That’s not to say the Yorkshire squad aren’t fully aware of the history and what it means to Yorkshire fans if the county triumphs over Lancashire but Steve references ‘”real good tussles against Warwickshire, Notts and Durham” in the past few seasons.”
Perhaps (for Patterson, at least) the intense competition in domestic cricket’s top flight has evened out, if not extinguished, some of that White Rose-Red Rose fervour.
At its most pared back and simplistic, Yorkshire need to beat Lancashire to get in the mix, given there’s already a bit of a lead developing from their rivals across the Pennines. Losing really isn’t an option:
“It’s important for us to show people what we’re capable of and not get left behind.”
I wanted to address the stereotype of Patterson as the workmanlike cog, depicted unkindly with the parody Twitter account @boringpatto reflecting a reputation for the unexciting and dull.
What does he make of the ‘boring’ label that seems to rear its head from time to time?
“It genuinely doesn’t bother me in the slightest because at the end of the day, a team is made up of eleven players and everybody has a slightly different role. If everyone did the same thing, we wouldn’t have any success.”
That role for Patterson is the handbrake; to haul back in the run rate, to build pressure or to deflate the batsman’s momentum: “I’m quite happy because the role I have got, nobody else really does it. It’s quite a nice position to be in. I’d rather have my role in a successful team than have a more ‘exciting’ role somewhere else and not be competing for trophies.”
We discuss and acknowledge how crucial balance is with a bowling attack between wicket-takers and those that can bowl for long spells and offer control.
In Patterson’s view, the return of Tim Bresnan should revitalise Yorkshire and add consistency, with those two bowlers acting as foils and Plunkett and Brooks given licence to charge in on full steam, uninhibited.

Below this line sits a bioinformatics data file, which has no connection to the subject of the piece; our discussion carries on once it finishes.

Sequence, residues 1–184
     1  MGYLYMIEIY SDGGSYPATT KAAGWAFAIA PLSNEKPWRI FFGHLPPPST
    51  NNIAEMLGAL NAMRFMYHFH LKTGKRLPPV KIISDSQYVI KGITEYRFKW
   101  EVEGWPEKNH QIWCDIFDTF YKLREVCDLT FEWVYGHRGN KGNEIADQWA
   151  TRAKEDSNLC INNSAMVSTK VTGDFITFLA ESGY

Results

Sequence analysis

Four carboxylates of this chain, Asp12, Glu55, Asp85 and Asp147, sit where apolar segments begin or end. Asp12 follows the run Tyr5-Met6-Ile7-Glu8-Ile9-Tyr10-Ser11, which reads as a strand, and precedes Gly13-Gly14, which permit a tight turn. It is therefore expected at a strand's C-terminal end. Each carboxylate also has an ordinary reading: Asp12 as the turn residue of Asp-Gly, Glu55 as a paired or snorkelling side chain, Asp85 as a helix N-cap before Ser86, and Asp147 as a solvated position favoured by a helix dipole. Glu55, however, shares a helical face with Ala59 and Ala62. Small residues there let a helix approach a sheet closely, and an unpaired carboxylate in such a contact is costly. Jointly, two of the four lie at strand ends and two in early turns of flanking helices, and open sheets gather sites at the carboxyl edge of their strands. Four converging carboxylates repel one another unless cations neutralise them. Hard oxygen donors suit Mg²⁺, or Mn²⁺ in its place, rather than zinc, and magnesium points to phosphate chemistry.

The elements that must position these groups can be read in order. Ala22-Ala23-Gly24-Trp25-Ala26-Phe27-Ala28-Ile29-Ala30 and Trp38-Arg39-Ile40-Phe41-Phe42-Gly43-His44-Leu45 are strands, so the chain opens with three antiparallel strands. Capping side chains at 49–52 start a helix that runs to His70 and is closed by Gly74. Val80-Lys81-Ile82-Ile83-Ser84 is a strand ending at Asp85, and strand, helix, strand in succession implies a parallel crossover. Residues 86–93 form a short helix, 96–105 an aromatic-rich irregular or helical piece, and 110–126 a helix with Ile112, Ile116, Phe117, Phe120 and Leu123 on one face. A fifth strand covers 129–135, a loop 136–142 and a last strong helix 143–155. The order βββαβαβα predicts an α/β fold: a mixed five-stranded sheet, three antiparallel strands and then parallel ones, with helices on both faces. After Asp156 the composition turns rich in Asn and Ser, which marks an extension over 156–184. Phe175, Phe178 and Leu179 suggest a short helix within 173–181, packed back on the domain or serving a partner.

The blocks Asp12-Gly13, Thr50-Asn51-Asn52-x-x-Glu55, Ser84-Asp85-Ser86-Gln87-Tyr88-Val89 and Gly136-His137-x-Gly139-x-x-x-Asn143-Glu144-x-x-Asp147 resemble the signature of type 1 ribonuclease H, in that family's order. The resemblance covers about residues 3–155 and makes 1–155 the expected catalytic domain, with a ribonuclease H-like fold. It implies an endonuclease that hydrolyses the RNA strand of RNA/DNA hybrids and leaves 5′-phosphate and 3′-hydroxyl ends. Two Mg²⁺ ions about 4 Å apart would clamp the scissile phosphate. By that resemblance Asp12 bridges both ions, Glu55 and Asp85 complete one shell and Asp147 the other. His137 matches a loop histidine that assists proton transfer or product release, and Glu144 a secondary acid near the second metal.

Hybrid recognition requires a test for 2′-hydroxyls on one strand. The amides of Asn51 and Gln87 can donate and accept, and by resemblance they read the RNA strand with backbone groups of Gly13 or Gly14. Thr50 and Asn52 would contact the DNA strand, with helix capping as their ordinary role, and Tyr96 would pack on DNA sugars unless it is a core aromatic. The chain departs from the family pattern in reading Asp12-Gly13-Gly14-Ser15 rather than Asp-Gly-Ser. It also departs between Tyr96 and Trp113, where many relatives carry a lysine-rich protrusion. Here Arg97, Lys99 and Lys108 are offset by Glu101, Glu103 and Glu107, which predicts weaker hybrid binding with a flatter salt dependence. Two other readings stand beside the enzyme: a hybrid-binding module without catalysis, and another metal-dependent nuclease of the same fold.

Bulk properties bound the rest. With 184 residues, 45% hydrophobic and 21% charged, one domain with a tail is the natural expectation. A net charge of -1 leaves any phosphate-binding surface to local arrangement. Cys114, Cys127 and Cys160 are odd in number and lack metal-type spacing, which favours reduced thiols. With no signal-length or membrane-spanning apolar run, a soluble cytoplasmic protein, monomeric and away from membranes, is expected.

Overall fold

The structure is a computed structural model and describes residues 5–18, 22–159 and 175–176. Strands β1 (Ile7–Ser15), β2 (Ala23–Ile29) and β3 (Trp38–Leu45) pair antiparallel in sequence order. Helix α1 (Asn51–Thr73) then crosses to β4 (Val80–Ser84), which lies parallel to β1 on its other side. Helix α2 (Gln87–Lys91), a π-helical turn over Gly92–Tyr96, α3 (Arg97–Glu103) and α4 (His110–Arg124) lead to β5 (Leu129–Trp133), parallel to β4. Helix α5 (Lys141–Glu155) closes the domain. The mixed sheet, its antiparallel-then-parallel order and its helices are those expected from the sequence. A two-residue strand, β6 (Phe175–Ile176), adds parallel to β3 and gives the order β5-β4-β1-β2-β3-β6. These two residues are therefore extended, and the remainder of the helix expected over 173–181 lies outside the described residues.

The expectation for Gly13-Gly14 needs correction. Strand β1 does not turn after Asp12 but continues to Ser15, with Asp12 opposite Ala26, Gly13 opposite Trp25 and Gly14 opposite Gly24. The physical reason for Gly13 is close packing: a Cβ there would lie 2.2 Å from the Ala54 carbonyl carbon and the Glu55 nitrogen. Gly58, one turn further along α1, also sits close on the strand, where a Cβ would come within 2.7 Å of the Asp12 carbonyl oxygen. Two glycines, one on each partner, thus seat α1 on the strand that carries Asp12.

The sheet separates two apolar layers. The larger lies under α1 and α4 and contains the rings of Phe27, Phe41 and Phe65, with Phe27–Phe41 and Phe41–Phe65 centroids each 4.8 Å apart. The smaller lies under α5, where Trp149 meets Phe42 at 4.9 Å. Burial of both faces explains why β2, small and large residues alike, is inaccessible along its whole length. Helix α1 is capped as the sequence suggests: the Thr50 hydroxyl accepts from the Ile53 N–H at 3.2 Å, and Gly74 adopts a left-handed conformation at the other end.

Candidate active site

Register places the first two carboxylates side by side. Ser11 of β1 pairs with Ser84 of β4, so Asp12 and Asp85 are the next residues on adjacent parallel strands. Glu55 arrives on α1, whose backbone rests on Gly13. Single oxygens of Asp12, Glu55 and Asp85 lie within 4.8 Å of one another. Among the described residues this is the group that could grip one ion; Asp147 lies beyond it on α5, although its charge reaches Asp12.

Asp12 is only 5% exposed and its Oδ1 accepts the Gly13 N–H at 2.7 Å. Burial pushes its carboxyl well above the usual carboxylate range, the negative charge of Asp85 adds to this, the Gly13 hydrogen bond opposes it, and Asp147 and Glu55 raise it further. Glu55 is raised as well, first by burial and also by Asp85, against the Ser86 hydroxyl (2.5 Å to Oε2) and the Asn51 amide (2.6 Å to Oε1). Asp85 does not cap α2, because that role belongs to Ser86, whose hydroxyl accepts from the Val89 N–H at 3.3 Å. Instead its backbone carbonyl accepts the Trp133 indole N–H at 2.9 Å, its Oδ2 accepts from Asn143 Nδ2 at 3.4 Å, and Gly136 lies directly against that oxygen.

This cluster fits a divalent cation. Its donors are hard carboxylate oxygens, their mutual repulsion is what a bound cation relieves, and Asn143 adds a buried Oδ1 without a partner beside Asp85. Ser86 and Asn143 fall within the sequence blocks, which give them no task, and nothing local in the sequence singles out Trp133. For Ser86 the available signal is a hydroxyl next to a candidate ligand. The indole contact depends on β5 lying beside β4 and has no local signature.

The subject of the coin toss tumbles out during one conversation and we pivot onto that, as advantage for home sides seems to have been squished out of consideration with all the subtlety of a heavy roller.
For Steve, it’s leading to a negative and defensive approach:
“I think it’s been quite disappointing in a lot of ways. I’m not convinced it’s made for better cricket. What it does do is make teams pick and choose between who they want to try and beat and who they want to try and nullify.”
By way of an example, he’s not convinced there would have been a result at Edgbaston, even if weather wasn’t a factor, other than a draw “because that’s what they asked for to try and stop us.”
Patterson also predicts scope for a bit of chaos later in the Division One season with one side being relegated and teams desperate to avoid the drop, thus preparing result wickets in a game of catchup after early draws.
But before all that plays out there’s a Lancastrian obstacle to overcome at home and for Patterson, it will be business as usual. He expects to be pressed into batting duty first but then look out for that iconic approach to the wicket.
Frozen in time, bolt upright in the bound of his delivery stride with ball almost tucked under his chin. On the money. Time and again. Forget British Summer Time, in the early chunk of the season, we’ve been in Steve Patterson Time (SPT).
In an age of 90mph rockets delivered with a snarl, there’s still a place for a slower, cannier, line and length approach, nagging away in the batsman’s head, giving them nothing.
Boring? No chance. Every team needs a Steve Patterson.